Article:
Fed signals rate hike by 2023, expects 7% GDP growth this year


  • Currently, the bank’s interest rates are near zero; it also buys around US$120 billion worth of treasury bonds at low-interest rates monthly.
  • Fed Chairman Jerome Powell said discussions would continue before a final decision; he declined to give a specific timeframe for implementing the changes.

The Federal Reserve on Wednesday signalled a broad rollback of the covid-era support by the second half of 2023 as the economy steers clear the last remaining hurdles on the way to recovery.

After a two-day session of the central bank, Fed officials on Wednesday said that they might consider increasing the rates if the inflationary pressures continue to persist towards the end of 2023. The bank has been maintaining a loose monetary policy since the pandemic struck last year.

Officials are also looking at the bank’s current policy of bond purchase. However, they have not indicated any immediate plans to roll back the measure to ensure liquidity in the markets.

Currently, the bank’s interest rates are near zero. It also buys around US$120 billion worth of treasury bonds at low-interest rates monthly.

Also read: US Consumer Prices Jump 5% in May, the Highest In 13 Years

Source: Pixabay.

The bank wants to tackle the twin issues of job creation and inflation over the next few months, even as the economy gets better while setting a rough timeframe by 2023. For the first time, the Federal Reserve has allowed inflation to cross the 2% mark in many years. The bank said it would give advance notice before withdrawing any policies.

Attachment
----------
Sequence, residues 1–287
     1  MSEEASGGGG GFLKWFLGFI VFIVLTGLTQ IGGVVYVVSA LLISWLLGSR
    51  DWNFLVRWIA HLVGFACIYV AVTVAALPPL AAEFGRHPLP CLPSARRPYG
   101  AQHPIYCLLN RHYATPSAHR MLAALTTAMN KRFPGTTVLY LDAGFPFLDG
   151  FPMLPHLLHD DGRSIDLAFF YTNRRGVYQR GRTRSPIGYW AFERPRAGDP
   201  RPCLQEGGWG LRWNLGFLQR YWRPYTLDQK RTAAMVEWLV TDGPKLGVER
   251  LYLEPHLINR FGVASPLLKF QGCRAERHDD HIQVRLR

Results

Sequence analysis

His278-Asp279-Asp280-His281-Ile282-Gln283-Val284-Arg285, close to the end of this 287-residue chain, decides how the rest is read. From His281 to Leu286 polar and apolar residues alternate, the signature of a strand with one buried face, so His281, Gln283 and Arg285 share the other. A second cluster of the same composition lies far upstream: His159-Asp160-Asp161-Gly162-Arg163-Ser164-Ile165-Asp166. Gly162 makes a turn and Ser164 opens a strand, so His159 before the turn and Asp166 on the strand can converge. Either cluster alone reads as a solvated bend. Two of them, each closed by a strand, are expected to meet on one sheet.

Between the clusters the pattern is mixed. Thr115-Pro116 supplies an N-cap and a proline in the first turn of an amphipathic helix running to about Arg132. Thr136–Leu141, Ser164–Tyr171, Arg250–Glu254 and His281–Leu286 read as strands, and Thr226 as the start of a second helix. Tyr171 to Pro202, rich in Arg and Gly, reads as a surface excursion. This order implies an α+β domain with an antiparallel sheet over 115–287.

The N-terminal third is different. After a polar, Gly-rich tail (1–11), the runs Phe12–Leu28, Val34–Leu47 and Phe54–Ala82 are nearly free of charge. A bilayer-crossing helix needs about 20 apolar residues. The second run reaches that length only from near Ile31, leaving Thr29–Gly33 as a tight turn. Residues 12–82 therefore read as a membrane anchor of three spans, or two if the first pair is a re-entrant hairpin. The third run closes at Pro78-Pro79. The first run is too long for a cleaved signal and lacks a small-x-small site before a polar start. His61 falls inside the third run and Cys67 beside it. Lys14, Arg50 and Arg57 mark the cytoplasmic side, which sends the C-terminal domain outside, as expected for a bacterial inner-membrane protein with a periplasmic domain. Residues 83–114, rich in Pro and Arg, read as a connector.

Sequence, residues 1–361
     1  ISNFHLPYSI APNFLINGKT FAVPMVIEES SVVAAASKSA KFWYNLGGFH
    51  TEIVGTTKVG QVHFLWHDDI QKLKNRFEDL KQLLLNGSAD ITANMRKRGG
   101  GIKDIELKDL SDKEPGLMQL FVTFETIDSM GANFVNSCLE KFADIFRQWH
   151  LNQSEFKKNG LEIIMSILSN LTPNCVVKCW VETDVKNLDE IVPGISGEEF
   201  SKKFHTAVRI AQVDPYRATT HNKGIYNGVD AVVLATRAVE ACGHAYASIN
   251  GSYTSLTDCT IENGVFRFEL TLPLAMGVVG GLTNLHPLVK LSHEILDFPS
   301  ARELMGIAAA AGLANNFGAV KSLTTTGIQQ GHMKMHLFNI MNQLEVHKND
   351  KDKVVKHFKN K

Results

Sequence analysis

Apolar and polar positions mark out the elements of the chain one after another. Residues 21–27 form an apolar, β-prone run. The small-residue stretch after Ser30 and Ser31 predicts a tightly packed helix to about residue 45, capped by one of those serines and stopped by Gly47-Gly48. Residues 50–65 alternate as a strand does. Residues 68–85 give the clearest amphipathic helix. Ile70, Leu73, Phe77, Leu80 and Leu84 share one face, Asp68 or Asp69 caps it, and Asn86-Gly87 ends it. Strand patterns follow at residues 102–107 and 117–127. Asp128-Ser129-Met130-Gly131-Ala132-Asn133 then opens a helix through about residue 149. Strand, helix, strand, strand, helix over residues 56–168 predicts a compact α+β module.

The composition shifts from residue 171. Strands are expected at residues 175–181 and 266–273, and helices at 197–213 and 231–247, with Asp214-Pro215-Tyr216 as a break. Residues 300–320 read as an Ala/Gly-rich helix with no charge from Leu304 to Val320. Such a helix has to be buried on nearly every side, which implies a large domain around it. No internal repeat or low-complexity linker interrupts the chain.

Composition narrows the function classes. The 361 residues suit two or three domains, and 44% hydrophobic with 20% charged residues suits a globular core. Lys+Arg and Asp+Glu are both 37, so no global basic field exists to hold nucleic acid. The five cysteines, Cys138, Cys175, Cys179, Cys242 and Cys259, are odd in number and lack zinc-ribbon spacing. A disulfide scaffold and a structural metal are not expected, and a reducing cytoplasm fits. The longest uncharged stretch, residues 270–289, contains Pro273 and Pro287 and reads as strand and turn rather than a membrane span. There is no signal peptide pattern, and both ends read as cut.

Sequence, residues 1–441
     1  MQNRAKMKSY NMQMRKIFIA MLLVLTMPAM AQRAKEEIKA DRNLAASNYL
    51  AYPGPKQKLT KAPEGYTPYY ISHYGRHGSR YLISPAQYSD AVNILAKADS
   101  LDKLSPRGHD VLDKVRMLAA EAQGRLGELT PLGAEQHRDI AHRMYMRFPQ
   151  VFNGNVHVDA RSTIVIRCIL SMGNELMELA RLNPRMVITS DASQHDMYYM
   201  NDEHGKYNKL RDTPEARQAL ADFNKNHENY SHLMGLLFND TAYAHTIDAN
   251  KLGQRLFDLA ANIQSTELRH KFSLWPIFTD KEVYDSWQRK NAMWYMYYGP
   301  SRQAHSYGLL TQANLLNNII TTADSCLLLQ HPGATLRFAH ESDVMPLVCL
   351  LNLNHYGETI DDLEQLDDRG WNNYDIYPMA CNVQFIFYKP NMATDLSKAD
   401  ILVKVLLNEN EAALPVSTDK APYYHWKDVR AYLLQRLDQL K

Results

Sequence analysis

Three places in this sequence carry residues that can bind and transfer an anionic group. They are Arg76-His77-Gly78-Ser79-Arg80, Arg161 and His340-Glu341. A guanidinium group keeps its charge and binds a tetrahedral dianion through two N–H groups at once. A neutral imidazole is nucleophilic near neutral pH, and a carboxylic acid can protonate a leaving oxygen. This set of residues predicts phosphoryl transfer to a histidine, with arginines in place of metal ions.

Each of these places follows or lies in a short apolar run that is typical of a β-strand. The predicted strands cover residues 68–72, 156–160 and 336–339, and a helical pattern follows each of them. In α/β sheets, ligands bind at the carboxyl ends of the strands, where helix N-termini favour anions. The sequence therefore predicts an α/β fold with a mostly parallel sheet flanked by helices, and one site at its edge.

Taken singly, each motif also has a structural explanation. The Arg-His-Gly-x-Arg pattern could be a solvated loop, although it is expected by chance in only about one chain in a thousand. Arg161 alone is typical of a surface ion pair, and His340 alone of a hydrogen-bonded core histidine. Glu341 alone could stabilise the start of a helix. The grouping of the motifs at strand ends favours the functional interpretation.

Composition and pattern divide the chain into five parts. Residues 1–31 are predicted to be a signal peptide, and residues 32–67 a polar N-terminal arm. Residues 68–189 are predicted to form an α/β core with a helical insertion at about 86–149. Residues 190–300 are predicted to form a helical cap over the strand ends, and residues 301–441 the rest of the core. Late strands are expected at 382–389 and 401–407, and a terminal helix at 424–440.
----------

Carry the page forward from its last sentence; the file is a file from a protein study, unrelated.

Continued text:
However, speaking to reporters after the meeting, Fed Chairman Jerome Powell said that the bank would continue its discussions among the members before taking a final decision on the suggestions. He declined to give a precise timeline for implementing the changes. He also noted that the members unanimously concurred that the US economic recovery is on the right track.

The bank expects the economy to grow by 7% this year.

Also read: US retail sales drop 1.3% in May as spending shifts back to services

The unprecedented covid pandemic had brought the economic activities in the world’s largest economy to a grinding halt. The government’s focus was mainly on two fronts: Reining in the virus and spur growth through a massive dose of fiscal stimulus. To date, the government has spent trillions of dollars for economic revival and covid protection.

The central bank had expected a lower inflation rate during the current recovery phase. The Consumer Price Index (CPI) jumped 5% in May, the highest increase since 2008.

The labor market’s recovery also has been slower than expected. In April and May, 837,000 jobs were added, but millions of Americans were still out of work.